Archive for the 'Progress Notes' Category

Medicine is a Love that Finds Us

Medicine is a love that finds us wherever we happen to be.

It snatched me, a quiet four year old boy, almost sixty years ago. I don’t know how it happened. I remember being in the hospital and having stomach X-rays and I have also been told we had a family doctor who made house calls. I couldn’t have seen doctors on TV, because television was only introduced in Sweden when I was three and I saw my first program at age 5, a show about an infantile doll named “Andy Pandy”.

At age four I simply announced that I was going to become a doctor and I never hesitated after that. It seems everything I did from that moment on prepared me for what I do now: Being a Boy scout who made do with what I had on hand; learning discipline as a military recruit in basic training; working as a substitute teacher for fifth to ninth grade students; spending a summer as the pastor’s assistant with confirmation students and in his parish, and traveling the world to interview people from other cultures.

In my day to day work I always look for the story behind each patient’s symptom and even behind their laboratory values. I often find myself circling around the concept of Narrative Medicine.

The other day I happened to read the Swedish journal for general medicine (Allmän Medicin). A doctor, who seemed to be about my age, had written about his experiences with Narrative Medicine and the tension he used to feel between it and today’s Evidence Based Medicine.

The writer’s name was Christer Petersson, and he looked and wrote as if he was someone I had known from High School. I Googled his name and found another article he had written, in 2009, in the Swedish Medical Journal, Läkartidningen.

That article was titled “I worked as a Doctor for 20 Years. Then I Became a Doctor”.

I did a quick double take and continued to read, finding exactly what the title suggested: He had studied medicine because the science interested him and it seemed like a good thing to do. He was a young man with big thoughts and big ideas. But he felt uninspired by learning about the digestive system and was uncomfortable with the notion of treating mundane things like bleeding, boils and open wounds.

He writes:

“It took about 10 years and quite a bit of agonizing before I discovered that I was exactly where I was supposed to be, and it took another 10 years to understand that I actually was a doctor and didn’t just work as one. During that time I learned that man is more than his digestive system and the most important events in life often happen in the seemingly uninteresting space where blood flows, boils burst and wounds heal.”

And then, he paraphrases Hippocrates’ first aphorism:

“And I saw that it is equal parts suffering and joy to deal with all this as a doctor: to cure sometimes, treat more often and comfort the best you can.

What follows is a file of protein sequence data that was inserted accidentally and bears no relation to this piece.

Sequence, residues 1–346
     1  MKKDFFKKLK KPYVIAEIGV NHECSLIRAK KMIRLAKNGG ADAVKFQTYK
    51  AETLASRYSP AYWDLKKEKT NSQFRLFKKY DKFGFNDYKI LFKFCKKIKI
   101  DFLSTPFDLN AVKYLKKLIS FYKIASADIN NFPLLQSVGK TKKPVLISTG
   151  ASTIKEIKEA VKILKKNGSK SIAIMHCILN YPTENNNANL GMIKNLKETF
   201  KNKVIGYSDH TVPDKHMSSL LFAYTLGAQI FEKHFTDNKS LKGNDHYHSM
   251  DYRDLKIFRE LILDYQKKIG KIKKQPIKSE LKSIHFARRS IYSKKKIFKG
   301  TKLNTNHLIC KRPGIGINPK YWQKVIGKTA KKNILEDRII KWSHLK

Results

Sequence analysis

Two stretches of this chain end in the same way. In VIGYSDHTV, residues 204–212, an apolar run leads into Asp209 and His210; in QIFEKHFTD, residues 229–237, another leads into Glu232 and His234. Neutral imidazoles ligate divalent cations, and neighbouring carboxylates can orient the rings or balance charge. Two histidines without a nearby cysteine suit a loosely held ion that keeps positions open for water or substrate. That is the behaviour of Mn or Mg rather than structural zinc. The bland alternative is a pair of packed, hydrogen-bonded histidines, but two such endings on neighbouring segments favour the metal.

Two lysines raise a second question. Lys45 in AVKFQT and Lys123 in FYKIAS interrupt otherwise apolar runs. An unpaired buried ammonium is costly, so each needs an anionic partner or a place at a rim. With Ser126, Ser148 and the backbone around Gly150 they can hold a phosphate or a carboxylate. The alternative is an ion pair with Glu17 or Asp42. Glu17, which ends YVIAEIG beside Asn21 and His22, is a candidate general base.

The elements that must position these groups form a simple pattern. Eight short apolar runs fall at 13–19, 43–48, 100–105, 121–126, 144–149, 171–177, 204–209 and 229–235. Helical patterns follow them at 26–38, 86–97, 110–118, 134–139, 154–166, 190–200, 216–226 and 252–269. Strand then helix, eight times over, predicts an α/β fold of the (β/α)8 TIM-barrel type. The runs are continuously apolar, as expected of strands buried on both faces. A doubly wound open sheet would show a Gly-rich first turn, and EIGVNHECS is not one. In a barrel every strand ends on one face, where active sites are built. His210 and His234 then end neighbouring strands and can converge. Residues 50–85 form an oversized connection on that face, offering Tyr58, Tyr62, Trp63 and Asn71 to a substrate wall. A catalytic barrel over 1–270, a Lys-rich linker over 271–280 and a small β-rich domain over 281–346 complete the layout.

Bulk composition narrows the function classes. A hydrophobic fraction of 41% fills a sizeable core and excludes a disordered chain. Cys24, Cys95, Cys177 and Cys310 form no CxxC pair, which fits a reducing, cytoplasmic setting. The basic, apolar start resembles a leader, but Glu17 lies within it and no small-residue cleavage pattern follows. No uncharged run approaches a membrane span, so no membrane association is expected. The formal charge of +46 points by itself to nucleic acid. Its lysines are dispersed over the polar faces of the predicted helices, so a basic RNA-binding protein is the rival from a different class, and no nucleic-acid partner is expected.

It doesn’t get any better than that, does it?”

Different journeys to the same destination.

“Did You Read My Chart?”

The patient, I surmised, was the one in the wheelchair, with nasal oxygen and an unhealthy red color of her cheeks. The younger woman in the room with her looked like she might be a daughter.

I introduced myself. I had been right about the other woman being her daughter.

It was Saturday clinic, urgent care at our country doctor practice, and the plastic holders with “express check-in” history forms and a scribble sheet for the doctor and the medical assistant were piling up in the pocket of my office door.

“So, what can I do for you today?” I asked.

The woman in the wheelchair gave me a sturdy look and said:

“Did you read my chart?”

My mind raced, thirty years into the past and back again.

As an intern and resident admitting patients to the hospital, I would routinely read up on the patient’s paper chart before entering the room. Each admission took as long as it needed, and the only time pressure I felt was usually my own. The emergency room doctors had already ordered the initial treatments each patient needed.

In practice before computers, I would glance at the problem list and flip through the last few notes, labs and imaging tests while pausing in my office or at the nurses desk, sometimes actually while walking toward the exam room.

Now, with computers that go black after just a few idle minutes, I’d have to log on in order to see any information, and the moments that takes feel like forever. Besides, I can’t very well sit in the last exam room I used and do this, since my nurse needs to room the next patient.

Also, now, with all the checklists we must complete in even the simplest visit, there really is no time during or in between visits to actually sit down and “read the chart”; our time is so pressured and the medical records have become so bloated that we end up just asking the patient, because the pertinent information drowns among the mandated minutia.

“No, there is seldom time to read the chart anymore”, I said.

My patient sighed and gestured to her daughter, who recited her medical history in a monotone voice as if she had done it too many times to count.

The woman had leg cramps, and it was probably because of low magnesium. Her exam was fairly similar to the last note by her own doctor. I did compare my findings and his.

So I prescribed magnesium and two days later we got a call that that had done the trick.